01 May 2010
The arrest of Abdul Ghani Baradar and some other leading members of the Afghan Taliban in January was initially seen as a "shift" by Pakistani security forces toward a more anti-(Afghan) Taliban stance that was more in line with what American diplomats and military leaders wanted. Subsequent reports suggested that the arrests may have been motivated by other considerations (for example, the fact that Baradar may have been ready to negotiate with the government; others suggested that it may have been a method by which Pakistan could gain some leverage in any upcoming negotiations).
Now, "Western diplomats and Pakistani security officials" are saying that Pakistan may open up a new anti-insurgent front in North Waziristan. This has been one of the biggest demands of the US for some time now. Pakistan has already mounted offensives in Swat and in South Waziristan, and has suffered considerable military losses and civilian suffering as a result. The government has been hesitant to mount similar operations in North Waziristan, partly for these reasons, and partly because North Waziristan has been more a haven for anti-American/anti-Western forces, such as the Haqqani Network, than for anti-Pakistan forces like the Pakistani Taliban. The US's only way to strike in these areas has been through the use of drones.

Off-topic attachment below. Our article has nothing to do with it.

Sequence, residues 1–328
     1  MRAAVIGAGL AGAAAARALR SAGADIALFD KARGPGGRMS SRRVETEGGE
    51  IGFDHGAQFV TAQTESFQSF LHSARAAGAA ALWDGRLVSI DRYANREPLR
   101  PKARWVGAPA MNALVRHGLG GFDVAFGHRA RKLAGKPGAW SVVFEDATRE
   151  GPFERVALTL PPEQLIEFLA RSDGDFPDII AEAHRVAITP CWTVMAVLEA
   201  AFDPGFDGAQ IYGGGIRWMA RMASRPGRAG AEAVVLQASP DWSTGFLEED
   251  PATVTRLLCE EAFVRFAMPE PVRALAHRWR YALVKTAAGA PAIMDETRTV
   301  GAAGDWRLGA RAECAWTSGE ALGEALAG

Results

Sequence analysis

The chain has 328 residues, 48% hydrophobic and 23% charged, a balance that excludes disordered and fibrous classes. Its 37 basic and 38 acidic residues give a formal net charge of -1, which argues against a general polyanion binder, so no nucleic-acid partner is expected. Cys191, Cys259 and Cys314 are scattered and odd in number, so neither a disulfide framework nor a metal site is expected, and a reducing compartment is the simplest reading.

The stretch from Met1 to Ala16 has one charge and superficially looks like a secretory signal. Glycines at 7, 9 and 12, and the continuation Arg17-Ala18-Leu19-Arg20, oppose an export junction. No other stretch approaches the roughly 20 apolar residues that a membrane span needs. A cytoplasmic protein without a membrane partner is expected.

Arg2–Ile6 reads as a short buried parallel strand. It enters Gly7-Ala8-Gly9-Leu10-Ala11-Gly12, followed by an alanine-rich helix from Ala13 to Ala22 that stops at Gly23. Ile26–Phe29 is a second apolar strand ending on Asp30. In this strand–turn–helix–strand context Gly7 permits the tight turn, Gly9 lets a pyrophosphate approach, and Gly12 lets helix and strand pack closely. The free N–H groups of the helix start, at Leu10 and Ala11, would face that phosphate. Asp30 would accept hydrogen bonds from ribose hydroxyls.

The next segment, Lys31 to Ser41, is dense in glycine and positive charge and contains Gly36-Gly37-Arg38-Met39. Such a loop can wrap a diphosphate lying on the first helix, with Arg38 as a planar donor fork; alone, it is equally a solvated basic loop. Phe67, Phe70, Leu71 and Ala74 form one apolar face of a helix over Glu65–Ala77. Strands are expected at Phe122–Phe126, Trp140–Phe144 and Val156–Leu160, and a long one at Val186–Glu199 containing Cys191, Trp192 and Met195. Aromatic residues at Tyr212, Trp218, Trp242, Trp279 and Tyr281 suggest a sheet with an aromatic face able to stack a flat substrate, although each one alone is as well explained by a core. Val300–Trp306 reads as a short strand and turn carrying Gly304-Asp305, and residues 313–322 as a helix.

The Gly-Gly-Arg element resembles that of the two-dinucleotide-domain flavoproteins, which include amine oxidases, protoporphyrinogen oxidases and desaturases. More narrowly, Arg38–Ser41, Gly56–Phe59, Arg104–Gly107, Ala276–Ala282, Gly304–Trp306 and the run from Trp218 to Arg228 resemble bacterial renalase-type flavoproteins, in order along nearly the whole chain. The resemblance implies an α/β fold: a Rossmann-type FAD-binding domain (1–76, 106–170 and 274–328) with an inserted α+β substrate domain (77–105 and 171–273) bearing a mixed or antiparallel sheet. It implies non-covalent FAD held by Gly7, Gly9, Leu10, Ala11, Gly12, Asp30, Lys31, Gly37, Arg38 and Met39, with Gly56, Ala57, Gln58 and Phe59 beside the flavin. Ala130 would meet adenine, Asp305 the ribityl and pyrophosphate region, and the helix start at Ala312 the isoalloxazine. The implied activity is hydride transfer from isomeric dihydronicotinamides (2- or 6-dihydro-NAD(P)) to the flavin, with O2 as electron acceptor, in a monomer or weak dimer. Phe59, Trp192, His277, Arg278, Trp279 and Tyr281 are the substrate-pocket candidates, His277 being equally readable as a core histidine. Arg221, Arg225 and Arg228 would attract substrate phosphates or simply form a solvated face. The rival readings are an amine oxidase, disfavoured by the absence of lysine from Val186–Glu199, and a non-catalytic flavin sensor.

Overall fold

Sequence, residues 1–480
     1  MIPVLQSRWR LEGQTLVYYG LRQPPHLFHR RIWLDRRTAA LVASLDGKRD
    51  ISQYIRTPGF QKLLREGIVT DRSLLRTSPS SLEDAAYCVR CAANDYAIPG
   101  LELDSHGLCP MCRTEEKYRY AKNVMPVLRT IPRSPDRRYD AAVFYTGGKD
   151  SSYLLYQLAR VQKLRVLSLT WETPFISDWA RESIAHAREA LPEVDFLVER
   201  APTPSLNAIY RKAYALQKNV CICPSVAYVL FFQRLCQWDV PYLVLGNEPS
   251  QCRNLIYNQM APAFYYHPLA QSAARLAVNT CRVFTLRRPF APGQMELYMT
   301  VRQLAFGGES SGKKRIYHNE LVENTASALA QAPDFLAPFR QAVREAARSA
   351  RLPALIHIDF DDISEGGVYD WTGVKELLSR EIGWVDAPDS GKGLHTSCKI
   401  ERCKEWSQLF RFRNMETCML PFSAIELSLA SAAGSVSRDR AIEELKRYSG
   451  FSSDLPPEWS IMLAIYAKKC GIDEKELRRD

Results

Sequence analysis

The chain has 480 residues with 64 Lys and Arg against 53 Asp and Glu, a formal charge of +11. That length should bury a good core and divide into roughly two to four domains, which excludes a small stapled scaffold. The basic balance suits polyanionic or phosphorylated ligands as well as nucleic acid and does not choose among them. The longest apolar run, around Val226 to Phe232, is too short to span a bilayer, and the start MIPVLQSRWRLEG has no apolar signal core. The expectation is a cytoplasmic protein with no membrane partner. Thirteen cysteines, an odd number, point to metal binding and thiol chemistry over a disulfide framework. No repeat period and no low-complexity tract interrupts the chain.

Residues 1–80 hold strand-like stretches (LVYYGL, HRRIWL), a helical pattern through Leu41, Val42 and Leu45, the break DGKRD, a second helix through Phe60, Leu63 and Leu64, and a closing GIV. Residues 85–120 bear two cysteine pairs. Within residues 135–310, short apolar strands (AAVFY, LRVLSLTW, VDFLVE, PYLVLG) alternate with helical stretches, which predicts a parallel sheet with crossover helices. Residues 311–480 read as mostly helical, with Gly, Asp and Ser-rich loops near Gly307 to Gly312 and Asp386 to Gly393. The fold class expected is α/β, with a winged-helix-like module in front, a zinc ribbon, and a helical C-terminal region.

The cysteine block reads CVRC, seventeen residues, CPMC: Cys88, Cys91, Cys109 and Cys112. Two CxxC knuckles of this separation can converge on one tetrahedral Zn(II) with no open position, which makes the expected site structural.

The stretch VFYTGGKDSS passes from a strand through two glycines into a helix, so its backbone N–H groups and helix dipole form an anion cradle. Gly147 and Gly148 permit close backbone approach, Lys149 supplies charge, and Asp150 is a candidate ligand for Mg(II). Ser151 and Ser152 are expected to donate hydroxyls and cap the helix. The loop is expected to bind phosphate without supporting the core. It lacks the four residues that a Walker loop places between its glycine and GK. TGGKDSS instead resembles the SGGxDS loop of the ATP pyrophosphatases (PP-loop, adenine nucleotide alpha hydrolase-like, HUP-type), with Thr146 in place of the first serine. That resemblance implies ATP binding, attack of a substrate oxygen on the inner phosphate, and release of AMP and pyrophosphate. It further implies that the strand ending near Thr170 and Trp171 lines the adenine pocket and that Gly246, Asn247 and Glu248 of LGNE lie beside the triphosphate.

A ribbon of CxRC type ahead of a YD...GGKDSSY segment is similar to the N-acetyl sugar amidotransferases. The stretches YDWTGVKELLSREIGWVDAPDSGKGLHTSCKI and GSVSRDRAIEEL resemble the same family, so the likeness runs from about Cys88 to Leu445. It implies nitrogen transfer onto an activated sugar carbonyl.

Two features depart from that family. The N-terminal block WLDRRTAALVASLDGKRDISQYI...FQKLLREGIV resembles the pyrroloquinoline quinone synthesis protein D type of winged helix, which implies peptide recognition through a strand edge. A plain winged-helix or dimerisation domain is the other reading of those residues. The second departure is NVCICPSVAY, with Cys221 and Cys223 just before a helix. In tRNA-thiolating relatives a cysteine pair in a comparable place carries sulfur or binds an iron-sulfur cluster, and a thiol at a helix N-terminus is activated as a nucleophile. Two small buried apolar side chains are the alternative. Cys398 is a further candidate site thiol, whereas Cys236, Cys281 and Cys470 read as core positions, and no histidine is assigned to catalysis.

Again, though, there is some reason to be skeptical as to whether the US and NATO are really going to get what they want if this offensive does actually happen. The offensive in South Waziristan has caused several anti-Islamabad groups and individuals, including Hakimullah Mehsud (the new leader of the Pakistani Taliban and public enemy number one), to flee to the north. The idea of launching a new offensive is probably more a result of this than Western cajoling. In the event of a Pakistani offensive, it obviously can't be assumed that Pakistani forces will go after the elements that the US and NATO wants it to after.